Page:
When our second child was born, I remember my mother offering some encouraging words since we had hoped for a daughter but instead got a second son. She said, "It's a man's world anyway." I imagine she got to say that fairly often since she had seven grandsons and no granddaughters.
Recently, I've been remembering those words with some articles I've been reading in the news lately:
--The British Household Panel Study, which followed the same 5,000 families for more than 15 years reported that the tendency of women to carry a greater burden of the domestic chores is a major reason for the gender pay gap in that country. While single men do only four or five hours of household work a week, single women put seven hours into cleaning and maintaining the home, the study said. And wives and live-in girlfriends do more than 12 hours of domestic work every week, with destructive results for their careers.
--Last month, a study by University of Michigan (my fav school!) showed that having a husband creates an extra seven hours a week of housework for women. Meanwhile, men save an hour a week of housework by having a wife.
--An Indian newspaper in an article titled "Deleting Girls" reports on the practice in India of aborting female fetuses: "(son-preference) roots lie deep in tradition, and are entwined in inheritance laws and in women’s status. Modernity and economic progress have not made a dent in this arena. On the contrary, they seem to have further entrenched the desire for sons to ensure that wealth remains within the family. Prosperity and sex-selection seem to go hand in hand in this country."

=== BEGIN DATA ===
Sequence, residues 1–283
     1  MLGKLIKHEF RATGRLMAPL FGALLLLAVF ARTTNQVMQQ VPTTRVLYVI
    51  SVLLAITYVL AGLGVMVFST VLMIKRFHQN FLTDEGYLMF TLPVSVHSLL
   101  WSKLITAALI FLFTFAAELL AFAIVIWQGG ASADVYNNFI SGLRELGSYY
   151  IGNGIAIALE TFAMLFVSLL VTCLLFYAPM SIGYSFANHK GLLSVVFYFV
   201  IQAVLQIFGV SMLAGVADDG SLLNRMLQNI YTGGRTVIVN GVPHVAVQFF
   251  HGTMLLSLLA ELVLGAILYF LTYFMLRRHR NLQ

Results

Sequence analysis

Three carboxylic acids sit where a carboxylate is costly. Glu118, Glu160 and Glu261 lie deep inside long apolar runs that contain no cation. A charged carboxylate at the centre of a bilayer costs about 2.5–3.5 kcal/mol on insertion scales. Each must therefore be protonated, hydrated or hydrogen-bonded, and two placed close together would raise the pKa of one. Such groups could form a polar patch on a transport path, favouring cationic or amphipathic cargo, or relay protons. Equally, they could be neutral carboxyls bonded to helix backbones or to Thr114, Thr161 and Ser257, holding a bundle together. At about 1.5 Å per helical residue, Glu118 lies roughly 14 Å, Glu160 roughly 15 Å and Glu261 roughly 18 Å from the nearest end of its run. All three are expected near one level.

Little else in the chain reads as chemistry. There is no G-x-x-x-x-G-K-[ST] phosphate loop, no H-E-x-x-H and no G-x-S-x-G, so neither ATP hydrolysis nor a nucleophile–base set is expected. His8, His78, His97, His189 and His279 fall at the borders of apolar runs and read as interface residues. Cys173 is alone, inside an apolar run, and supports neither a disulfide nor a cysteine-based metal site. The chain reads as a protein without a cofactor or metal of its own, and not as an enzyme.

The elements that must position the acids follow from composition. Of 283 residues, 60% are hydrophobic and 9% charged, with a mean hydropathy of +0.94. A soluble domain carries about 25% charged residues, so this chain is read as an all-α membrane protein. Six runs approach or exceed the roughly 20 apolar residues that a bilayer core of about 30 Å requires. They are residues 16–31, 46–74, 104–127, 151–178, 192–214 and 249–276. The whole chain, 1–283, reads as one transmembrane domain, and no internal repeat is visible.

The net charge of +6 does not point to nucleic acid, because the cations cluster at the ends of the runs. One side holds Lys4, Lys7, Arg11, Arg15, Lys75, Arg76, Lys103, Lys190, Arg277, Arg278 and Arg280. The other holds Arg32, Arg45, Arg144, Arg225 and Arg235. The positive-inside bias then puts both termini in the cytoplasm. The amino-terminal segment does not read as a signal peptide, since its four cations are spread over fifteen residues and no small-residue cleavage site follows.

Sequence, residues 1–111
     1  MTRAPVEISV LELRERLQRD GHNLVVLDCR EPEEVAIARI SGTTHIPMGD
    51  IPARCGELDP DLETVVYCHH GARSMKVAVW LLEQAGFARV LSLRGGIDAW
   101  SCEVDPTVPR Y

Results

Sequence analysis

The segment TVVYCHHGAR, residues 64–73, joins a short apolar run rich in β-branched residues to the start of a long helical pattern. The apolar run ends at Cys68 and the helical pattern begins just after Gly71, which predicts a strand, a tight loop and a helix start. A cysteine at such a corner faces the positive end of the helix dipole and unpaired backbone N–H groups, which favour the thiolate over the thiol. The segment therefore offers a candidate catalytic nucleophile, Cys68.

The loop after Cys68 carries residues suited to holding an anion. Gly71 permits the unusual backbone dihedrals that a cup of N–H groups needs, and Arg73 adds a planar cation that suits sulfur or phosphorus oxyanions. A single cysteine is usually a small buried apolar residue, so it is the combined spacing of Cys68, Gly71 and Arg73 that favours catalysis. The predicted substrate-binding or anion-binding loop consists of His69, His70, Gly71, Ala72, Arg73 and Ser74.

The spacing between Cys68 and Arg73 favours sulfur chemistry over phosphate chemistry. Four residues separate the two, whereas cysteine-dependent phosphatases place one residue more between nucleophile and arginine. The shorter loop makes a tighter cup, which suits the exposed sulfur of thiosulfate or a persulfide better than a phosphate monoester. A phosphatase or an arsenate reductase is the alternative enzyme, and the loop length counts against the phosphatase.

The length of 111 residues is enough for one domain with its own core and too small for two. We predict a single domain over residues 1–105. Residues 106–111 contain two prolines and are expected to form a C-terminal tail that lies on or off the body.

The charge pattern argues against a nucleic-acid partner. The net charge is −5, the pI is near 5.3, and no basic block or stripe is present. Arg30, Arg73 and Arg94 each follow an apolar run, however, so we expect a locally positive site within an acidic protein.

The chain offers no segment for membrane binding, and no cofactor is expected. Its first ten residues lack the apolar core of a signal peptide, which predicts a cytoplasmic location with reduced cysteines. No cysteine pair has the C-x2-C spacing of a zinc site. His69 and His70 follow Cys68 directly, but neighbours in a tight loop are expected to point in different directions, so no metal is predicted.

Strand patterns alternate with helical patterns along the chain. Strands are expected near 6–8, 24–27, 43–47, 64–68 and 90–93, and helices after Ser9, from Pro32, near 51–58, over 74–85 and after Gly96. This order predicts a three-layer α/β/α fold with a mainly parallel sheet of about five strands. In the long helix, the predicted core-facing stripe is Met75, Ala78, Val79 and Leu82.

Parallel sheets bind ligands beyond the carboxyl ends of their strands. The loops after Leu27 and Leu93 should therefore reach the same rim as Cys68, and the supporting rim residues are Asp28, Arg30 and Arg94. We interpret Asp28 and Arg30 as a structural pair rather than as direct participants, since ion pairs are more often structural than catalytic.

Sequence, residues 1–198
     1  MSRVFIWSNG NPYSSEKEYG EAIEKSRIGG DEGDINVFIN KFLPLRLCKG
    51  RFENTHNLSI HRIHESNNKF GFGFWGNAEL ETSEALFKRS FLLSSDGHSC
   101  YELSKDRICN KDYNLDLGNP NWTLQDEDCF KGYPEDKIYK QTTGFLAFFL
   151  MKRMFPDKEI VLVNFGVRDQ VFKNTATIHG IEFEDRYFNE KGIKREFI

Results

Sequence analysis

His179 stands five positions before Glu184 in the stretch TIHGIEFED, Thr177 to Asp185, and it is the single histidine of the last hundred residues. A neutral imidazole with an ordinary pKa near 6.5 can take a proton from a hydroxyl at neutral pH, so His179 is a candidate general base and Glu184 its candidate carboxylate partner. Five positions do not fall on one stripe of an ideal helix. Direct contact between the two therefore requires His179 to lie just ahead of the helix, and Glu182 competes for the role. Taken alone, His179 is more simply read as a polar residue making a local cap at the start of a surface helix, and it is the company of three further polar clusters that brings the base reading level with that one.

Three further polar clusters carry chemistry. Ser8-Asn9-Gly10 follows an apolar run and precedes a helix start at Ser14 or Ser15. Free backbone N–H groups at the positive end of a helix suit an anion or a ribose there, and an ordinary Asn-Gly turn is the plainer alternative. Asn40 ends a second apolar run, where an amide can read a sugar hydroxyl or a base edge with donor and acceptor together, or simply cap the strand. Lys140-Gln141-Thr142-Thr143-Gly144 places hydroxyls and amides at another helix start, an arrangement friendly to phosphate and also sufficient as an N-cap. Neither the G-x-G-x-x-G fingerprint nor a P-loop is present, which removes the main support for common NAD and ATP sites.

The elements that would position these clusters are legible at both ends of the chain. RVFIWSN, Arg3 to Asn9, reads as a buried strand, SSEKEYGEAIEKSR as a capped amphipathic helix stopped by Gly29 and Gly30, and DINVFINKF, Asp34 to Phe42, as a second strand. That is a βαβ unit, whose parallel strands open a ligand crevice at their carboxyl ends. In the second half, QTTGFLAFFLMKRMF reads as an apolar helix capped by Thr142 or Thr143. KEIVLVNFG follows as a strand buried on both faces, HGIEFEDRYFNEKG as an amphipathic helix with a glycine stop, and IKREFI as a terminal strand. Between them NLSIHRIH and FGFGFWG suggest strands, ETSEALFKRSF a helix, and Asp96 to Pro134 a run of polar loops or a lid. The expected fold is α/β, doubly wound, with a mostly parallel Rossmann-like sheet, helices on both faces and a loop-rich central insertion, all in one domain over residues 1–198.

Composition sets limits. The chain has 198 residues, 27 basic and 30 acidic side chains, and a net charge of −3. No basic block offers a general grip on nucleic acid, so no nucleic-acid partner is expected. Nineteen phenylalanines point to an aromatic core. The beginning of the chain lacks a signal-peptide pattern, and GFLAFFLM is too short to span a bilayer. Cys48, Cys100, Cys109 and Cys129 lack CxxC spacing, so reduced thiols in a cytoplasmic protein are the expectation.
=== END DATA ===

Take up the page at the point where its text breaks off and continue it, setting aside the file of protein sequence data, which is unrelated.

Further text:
Tough being a woman anywhere. It's nothing new though. Here's something I ran across quite by accident. I was listening to a CD of the legendary Carnegie Hall concert performed by the Benny Goodman orchestra in 1939. This was a unique event in that it was the first time jazz was ever performed at that noble venue.
The concert had sold out long before the event itself and the crowd was very appreciative of the music from beginning to end. However, after one artist took the stage to perform, the audience cheers reverberated long and loud, so much so that after the performance, Goodman had to apologize that they did not rehearse an encore with this performer.
It wasn't Goodman, nor Harry James, Lionel Hampton, Gene Krupa, Count Basie who got the strongest ovation at this unique event. It was Martha Tilton, the band's female vocalist who really brought down the house. Yet her name is not even among the eight performers listed on the CD cover.
At Martha's website, her biographer explains, "Unfortunately, performers like Martha who sang with a popular big band got little recognition. While she lent her beautiful voice to a recording (and without her voice, a song may not have been nearly as popular), Benny Goodman got the credit."
Maybe that's what my mother meant when she said, "It's a man's world." I think Hillary's finding that out too.